Serious questions are being raised about how to control minors' access to online social networking sites. In an effort to forestall pre-emptive legal or legislative solutions, MySpace.com last month announced an agreement with 49 state attorneys general to convene a task force to investigate the issue and make recommendations.
Chief among the solutions the task force will explore are various age verification technologies. Such technologies are supposed to be nonblinking gatekeepers, automatically shutting off access to certain sites if the would-be user is underage, or keeping adults out of areas intended for minors.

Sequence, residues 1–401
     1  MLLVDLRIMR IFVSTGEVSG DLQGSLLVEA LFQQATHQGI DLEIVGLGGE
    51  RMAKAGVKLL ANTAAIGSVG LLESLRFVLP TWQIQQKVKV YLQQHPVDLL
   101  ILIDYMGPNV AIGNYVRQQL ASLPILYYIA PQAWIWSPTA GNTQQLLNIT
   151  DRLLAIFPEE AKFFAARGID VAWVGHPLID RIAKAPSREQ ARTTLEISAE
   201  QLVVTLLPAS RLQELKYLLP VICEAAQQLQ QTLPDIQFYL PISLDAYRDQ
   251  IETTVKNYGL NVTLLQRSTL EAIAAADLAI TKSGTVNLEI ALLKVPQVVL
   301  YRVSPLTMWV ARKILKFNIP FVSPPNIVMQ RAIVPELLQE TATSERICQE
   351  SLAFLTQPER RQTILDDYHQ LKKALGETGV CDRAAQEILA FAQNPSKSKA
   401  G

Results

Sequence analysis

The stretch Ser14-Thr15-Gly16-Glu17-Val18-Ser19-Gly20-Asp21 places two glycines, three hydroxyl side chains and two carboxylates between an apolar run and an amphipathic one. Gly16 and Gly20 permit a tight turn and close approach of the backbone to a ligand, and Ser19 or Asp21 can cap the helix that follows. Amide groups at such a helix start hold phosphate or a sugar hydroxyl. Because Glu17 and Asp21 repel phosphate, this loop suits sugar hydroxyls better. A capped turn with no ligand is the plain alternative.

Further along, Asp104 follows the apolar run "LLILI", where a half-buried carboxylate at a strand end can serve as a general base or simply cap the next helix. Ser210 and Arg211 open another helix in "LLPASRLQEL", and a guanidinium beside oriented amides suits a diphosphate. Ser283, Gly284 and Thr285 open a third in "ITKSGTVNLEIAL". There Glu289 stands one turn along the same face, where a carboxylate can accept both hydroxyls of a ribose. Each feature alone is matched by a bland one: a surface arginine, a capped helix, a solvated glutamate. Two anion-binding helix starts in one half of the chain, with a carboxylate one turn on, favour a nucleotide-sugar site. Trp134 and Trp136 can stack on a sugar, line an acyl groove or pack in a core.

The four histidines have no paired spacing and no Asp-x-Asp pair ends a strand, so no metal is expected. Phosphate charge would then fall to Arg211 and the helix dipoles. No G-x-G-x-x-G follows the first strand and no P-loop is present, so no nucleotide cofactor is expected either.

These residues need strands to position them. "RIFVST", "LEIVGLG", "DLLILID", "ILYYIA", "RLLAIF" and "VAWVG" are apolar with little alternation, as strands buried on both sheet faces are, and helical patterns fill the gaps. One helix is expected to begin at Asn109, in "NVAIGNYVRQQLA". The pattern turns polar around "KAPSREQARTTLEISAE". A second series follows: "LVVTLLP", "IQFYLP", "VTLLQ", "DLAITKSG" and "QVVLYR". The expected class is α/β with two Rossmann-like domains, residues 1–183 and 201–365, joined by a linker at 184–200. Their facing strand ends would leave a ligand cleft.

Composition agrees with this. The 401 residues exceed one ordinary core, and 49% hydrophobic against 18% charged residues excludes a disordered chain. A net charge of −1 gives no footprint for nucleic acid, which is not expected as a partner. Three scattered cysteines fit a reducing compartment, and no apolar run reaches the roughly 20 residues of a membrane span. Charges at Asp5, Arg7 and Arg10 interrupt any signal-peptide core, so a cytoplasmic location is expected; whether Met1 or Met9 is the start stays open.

Details of the task force were unveiled this week. The Berkman Center for Internet and Society at Harvard Law School will lead the effort, which includes many leading Internet companies and child safety experts. The organization that I lead, the Center for Democracy and Technology, will participate as well, albeit with a healthy dose of skepticism.
Age verification not only raises difficult technical questions, it raises a host of legal and policy questions that have sweeping implications for the future of the Internet and its millions of users worldwide. To be legitimate, the task force, which will make a final report at the end of the year, must not only ask if we can build age verification technology that works, but should we?
What's the Problem?
The first question that must be asked is, ,what is the problem that needs to be solved?, Is age verification intended as a response to public concerns about risks to children posed by online predators?,